Straw Insky


The bassoons fill Variation 2 of the Pulcinella Suite with a wonderful extended running sixteenth-note accompaniment.  On the Heckel system bassoon, the passage is an interesting study on the use of carefully selected fingerings to ensure that the notes speak through the slurs. As one set of possibilities,here are my notes, with reference to the markings in the attached photo of my old Stadio “Passi Difficili per Fagotto.”

+ indicates possible “flick”. Where no +, do not flick

W indicates possible use of whisper (piano) key

  1. For slurs up to tenor e, some instruments respond better with the first finger of the right hand left off. Try also adding, or subtracting, LH5 low E-flat (resonance) key.
  1. For tenor d#, try the forked finger (same as octave lower), with or without the LH5 low E-flat (resonance) key).
  1. For tenor f#, try the old German fingering; same as tenor g, but without the low F key. That is, LH half-hole, 2, 3; RH 1 only. Instead of the old German fingering for tenor f#, you may be more comfortable with the usual modern fingering: LH half-hole (or open), 2, 3 (or open); RH 1, 2, thumb B-flat. For either fingering, you may wish to add LH5 low E-flat (resonance) key, as for most notes in this range.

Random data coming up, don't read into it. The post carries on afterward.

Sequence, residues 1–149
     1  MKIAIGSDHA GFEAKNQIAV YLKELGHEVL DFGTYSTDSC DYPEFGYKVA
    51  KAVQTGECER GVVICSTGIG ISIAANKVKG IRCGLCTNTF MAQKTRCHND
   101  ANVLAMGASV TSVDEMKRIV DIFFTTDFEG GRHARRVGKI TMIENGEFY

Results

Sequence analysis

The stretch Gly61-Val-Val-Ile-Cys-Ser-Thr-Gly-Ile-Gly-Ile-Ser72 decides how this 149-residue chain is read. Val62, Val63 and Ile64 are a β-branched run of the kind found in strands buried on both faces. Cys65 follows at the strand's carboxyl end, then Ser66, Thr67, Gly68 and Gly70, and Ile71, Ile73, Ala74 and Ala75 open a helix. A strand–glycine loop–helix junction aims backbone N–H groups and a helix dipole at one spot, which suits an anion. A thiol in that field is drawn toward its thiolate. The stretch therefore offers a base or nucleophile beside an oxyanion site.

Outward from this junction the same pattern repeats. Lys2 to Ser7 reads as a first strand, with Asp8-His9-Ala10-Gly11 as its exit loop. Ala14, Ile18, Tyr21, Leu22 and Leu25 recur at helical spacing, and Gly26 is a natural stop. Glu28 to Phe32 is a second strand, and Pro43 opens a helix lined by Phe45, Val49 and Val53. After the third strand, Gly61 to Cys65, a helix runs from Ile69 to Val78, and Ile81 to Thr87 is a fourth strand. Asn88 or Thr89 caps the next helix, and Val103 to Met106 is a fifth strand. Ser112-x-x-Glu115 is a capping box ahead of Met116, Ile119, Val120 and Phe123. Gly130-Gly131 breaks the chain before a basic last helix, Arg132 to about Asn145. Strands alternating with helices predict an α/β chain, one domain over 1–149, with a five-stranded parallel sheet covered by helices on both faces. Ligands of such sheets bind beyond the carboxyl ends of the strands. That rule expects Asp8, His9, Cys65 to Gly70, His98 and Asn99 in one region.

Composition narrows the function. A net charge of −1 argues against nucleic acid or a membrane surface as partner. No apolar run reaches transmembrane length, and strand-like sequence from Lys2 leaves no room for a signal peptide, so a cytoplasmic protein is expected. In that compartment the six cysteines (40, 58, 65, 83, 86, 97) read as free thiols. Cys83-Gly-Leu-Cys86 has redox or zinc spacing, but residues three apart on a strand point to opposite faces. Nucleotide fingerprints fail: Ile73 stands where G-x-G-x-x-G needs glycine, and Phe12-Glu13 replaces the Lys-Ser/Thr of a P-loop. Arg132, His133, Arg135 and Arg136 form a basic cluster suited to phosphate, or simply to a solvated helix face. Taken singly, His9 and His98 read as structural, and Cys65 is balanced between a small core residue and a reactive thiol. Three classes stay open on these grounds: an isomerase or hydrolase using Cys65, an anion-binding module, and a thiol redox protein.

1. For slurs up to tenor d, as an alternative to flicking the high D key, which may be awkward in fast passages such as this, use the old German fingering: LH 1,2; RH 2, 3, low F. (For the following tenor c#, you may wish to use the modern “long” fingering in this pattern: LH 1, 2, 3, thumb e-flat; RH 2, 3, low F. The right hand does not change between the first tenor d and the c#.)
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2 Responses to Straw Insky

  1. Verbena says:

    Hello, wondering if you have any tips for extensive fingering options, maybe a book or internet source. Thanx!

  2. reedshack says:

    Probably the best place to start would be the IDRS website’s page on fingerings, which has extensive references:

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